Sunday slant: Filling for the future

The Vikings have produced two offensive rookies of the year with their last two first-round draft choices, but this year the draft could be as much about the future as it is finding immediate starters on the depth chart. We explain the factors in the Vikings' decisions and how that could influence which positions they select later this week.

The Vikings are on a roll with their draft picks of late. The last two years that the Vikings have had first-round picks – in 2007 and 2009 – they ended up with the offensive rookies of the year with Adrian Peterson and Percy Harvin.

With the 30th pick and likely looking away from the high-profile skill positions this year – offensive line and defensive back are two of the bigger needs – it's unlikely the Vikings' pick in 2010 will be as decorated as their last two first-rounders (Jared Allen was acquired for their first-round pick in 2008).

In fact, after having all five of their draft picks start at least one game last year, this could be the draft where the Vikings find solid players but no immediate starters. The Vikings aren't forced to choose any one specific position this year because of need and can instead concentrate on adding depth for now with players who can step into starting roles at some point in the next year or two.

"Hopefully you have success with the draft, bringing in young players, even if it is a first-rounder who may not start his first year – not because he's not good enough to start but because you have someone who he is eventually going to replace," said Rick Spielman, vice president of player personnel. "When you draft, you draft not only to hopefully fill needs you have this year, but also you have to look into the future too."

Beyond the arduous task of lining up 500 prospects and assigning them a draft value, Spielman takes into account several other factors when considering who the Vikings should select, and he starts that planning well before the draft.

One of the factors is the quality of the draft at each position. This draft is considered deep at cornerback, so while the Vikings are probably looking for help at the position after Cedric Griffin's torn anterior cruciate ligament and Antoine Winfield's foot issues last year (and his age), they don't have to feel pigeonholed into selecting a cornerback in the first round. They might be able to find a player in the second or third round that can develop into a full-time starter in a year or two.

Another factor that enters into the draft decision is the future contract status of the current Vikings.

Brett Favre's age and the fact that his contract expires after the 2011 could combine to have the team looking hard at a developmental QB. Pat Williams has the same two issues as he nears retirement and the mid-30s.

Drafting a linebacker early might shock a lot of fans, but Spielman is well aware of the fact surrounding that position on the current roster: E.J. Henderson is attempting to come back from a fractured femur and the other two starters – Ben Leber and Chad Greenway – both have contracts that expire after the 2010 season.

Filling for the future is always part of the draft plan.

"Draft picks are very valuable. Where we're at as a football team, we have a lot of our core guys under contract, but you also have to build your roster as you bring up young guys," Spielman said. "Those guys are eventually going to be the replacements as the older guys faze out. We have some guys towards the end, we have some guys at the prime of their career, but that's how you keep your roster competitive year in and year out."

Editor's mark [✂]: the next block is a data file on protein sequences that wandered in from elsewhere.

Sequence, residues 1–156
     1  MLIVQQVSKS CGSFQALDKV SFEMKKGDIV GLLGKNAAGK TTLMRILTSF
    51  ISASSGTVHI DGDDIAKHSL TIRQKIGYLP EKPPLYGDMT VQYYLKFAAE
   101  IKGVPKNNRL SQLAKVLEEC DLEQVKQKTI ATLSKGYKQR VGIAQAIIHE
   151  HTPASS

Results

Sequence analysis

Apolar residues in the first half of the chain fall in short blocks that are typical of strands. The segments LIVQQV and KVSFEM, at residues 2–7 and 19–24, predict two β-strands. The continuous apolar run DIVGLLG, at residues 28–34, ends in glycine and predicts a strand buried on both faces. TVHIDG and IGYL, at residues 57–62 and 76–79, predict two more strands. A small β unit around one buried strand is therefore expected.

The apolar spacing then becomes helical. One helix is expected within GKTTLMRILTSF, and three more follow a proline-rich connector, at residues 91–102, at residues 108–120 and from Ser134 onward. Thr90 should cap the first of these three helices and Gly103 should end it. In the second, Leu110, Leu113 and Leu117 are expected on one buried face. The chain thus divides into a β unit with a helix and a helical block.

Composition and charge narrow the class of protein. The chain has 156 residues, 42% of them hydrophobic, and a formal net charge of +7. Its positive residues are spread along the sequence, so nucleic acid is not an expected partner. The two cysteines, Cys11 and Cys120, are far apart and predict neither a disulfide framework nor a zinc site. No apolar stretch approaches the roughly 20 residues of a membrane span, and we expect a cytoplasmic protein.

To make it all happen and keep the Vikings competitive into the future, Spielman has as many picks as he's had since he was hired to run the team's personnel department after the 2006 draft. In 2007, his picks included Peterson, Sidney Rice and Brian Robison in the first four rounds. The following year the Allen trade limited Spielman's options, but he came away with a starting safety (Tyrell Johnson) in the second round and a starting center (John Sullivan) in the sixth round. Last year, the infusion of contributing talent continued with Harvin, Phil Loadholt, Asher Allen, Jasper Brinkley and Jamarca Sanford – all of whom made at least one start during the season.

Spielman also has enough picks (eight) to look at trading them to move around when a player he likes is still available and meets the value the Vikings placed on him. He's done it in the past in the middle rounds.

"We felt very strongly about Jasper Brinkley last year as he was sliding," Spielman said. "That's when your game plan is, OK, we're sitting here in the fifth round and you've got five teams ahead of you in the fifth and two of them need Mike linebackers. We feel this is a good football player, too good to pass up. Then you go ahead and hopefully those picks that you have in the lower rounds help you and you use them as chips to get up and get that player that you want. We did that with B-Rob (Brian Robison), where we felt that strongly about B-Rob. When we feel that strongly about a player, as long as you have some chips, whether you use them for a player or you use them to go up and get someone that you think is a pretty unique talent, then that's what those chips are for."

This year, those chips might not find immediate starters, but that's as much a function of a roster that has been adequately filled at the front by drafts of the past.

Tim Yotter is the publisher of Viking Update. Follow Viking Update on Twitter and discuss this story on our subscriber message board.

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